As I curled on the couch in the wee small hours of the morning, watching last night’s Golden Globes telecast with only a hot toddy and a handful of chatty IC commenters for company, it occurred to me that I was hearing an awful lot of one word as the evening unfolded. And that word was ‘love.’
Of course, it’s a ubiquitous word in any awards show, weepily applied as it is to innumerable family members, lovers and colleagues as winners rattle names off thank-you lists longer than most films’ scripts. But this struck me as slightly different: the love here was being directed towards film and art itself.
Sally Hawkins, the night’s most endearing (and overwhelmed) winner, set the tone, describing her film, “Happy-Go-Lucky,” as being about love both on and off the screen. Surprise (to some) winner Colin Farrell followed her lead, celebrating cinematic adventurousness with the elegant soundbite: “Curiosity is love.”
Meanwhile, Danny Boyle picked up above all on the affection his awards-sweeping film has garnered within the industry, while Kate Winslet paid tribute to a long-standing love cultivated with her co-star, refracted very differently in two films, eleven years apart.
It struck me as an appropriate motif for an awards ceremony that seemed less calculated and more sincere than usual. Perhaps a year away the Globes has made me –- or them –- soft, but for an institution that takes sustained criticism for being overly susceptible to campaigning muscle and star power, it seemed to me that, in almost every category, the HFPA members had voted with their collective hearts, singling out the performers and films that they themselves loved.
Certainly nobody had instructed them to vote for Mickey Rourke’s heartbreaking performance in “The Wrestler,” a colossal achievement that had hitherto received less than its due in the precursors –- not surprising, since it’s a tiny, tricky film, and Rourke is a prickly figure who doesn’t much like playing the campaigning game. The Globes could have followed consensus and crowned Sean Penn, or played it safe with Frank Langella, but they chose Rourke for seemingly one reason only: they loved his performance the most.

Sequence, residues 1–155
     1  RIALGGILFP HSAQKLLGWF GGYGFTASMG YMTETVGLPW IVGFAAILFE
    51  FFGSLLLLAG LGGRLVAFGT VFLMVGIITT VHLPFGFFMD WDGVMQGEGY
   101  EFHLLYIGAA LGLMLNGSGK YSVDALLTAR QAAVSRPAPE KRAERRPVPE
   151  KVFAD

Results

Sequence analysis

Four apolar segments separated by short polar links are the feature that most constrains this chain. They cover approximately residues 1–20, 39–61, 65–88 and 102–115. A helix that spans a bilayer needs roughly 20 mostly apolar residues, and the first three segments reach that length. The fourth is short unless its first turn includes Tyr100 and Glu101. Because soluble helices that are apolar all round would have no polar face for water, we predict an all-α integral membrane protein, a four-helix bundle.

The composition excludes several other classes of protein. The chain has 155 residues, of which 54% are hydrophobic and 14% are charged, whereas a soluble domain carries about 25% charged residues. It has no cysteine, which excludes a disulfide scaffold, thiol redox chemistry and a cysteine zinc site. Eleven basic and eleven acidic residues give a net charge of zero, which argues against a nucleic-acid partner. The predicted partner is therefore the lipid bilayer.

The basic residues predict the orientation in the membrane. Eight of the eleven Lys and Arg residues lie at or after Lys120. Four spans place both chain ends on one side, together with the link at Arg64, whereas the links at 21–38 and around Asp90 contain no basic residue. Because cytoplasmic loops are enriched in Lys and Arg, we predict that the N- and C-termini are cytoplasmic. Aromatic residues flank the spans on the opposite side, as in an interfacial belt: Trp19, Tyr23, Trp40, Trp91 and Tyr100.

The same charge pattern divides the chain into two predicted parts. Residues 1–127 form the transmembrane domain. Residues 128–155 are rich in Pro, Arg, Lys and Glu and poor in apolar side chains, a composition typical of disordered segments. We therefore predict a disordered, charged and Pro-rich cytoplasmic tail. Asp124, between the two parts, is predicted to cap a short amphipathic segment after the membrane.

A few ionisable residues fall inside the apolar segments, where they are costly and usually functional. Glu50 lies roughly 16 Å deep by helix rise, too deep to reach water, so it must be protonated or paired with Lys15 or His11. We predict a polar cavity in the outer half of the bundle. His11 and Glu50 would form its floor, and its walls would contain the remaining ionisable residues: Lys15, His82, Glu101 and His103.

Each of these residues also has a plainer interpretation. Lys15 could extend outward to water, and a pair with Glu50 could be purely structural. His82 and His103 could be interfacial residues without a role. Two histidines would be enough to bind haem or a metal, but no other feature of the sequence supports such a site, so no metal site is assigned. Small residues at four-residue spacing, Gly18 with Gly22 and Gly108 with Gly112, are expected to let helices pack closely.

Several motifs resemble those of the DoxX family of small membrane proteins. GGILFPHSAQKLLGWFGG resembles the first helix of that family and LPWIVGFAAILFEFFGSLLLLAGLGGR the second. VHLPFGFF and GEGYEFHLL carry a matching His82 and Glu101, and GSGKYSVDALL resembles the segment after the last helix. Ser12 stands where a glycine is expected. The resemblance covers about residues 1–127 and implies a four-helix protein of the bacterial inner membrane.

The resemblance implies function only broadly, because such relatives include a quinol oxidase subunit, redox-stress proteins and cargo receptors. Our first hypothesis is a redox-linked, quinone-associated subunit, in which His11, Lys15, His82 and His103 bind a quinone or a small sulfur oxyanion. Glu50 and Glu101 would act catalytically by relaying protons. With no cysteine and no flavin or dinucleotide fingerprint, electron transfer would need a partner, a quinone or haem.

A similar focus on the fundamental principles of awards-giving was at play in the comedy categories, where the HFPA confounded the cynical pundits who assumed they’d cosy up to the familiarity of Meryl Streep or the vapid commerciality of “Mamma Mia!” –- and let their hearts (and brains) lead them once more.
Cue laudable victories for fresh face Sally Hawkins and Colin Farrell (like Rourke, something of a comeback kid) in recognition of subtle, eccentric work in challenging, little-seen films. “Vicky Cristina Barcelona” may have been a moderately more populist choice for Best Comedy, but it remains an unusually intimate, indie-minded winner in the category.
Even the more obvious winners avoided the sour taste of resignation: yes, “Slumdog Millionaire” was the odds-on favourite, but the HFPA didn’t have to embrace it to the extent that they did. As I noted yesterday, it’s not a typical Globe winner, but its generous four-trophy sweep, not to mention the palpable enthusiasm in the auditorium that greeted its every mention, suggests to me that this is a genuinely beloved champion as opposed to a merely fashionable frontrunner.
It’s easy to become jaded with frontrunners as they plow their way through awards season, as “Slumdog” is doing with some vengeance, but actually watching Danny Boyle’s genuinely grateful, faintly befuddled speech last night brought home to me what an unusual and refreshing phenomenon we are witnessing this season: it’s been decades since we’ve seen a film this inauspicious and star-free claim the gold.
That the iconoclastic director of “28 Days Later” and “Trainspotting” should be deemed a shoo-in for Hollywood’s top honours is easy to take for granted as the wheels of awards season start turning, but the grace and humility of Boyle and Co last night renewed my amazement at the weird journey this little film has taken.
There was the odd false note in last night’s proceedings, of course. I find it hard to believe that most voters were genuinely more affected or entertained by Kate Winslet’s performance in “The Reader” than those of her nominees –- as opposed to simply voting for her as a security measure in the event of her more deserving work in “Revolutionary Road” coming up short. (Which, of course, it didn’t.)
But I don’t want to dwell on such details. (In any case, Winslet’s honest, slightly shambolic relief at having broken her awards drought made it hard to begrudge her.) On balance, it was the warmest, most satisfying awards show I’ve seen in some time, so why ruin it?
Any complaints I have dissipate when I think of the openly expressed camaraderie between Mickey Rourke and Darren Aronofsky, Colin Farrell’s evident astonishment at being welcomed back into the fold or the Cinderella breathlessness of Sally Hawkins’ big moment. Draped in diamonds that appeared to cost as much as her entire movie, she looked as enraptured to be there as any one of us would be –- and that spirit of adventure, of new territory being explored, is, for me, what awards shows should be about. Curiosity is love, indeed.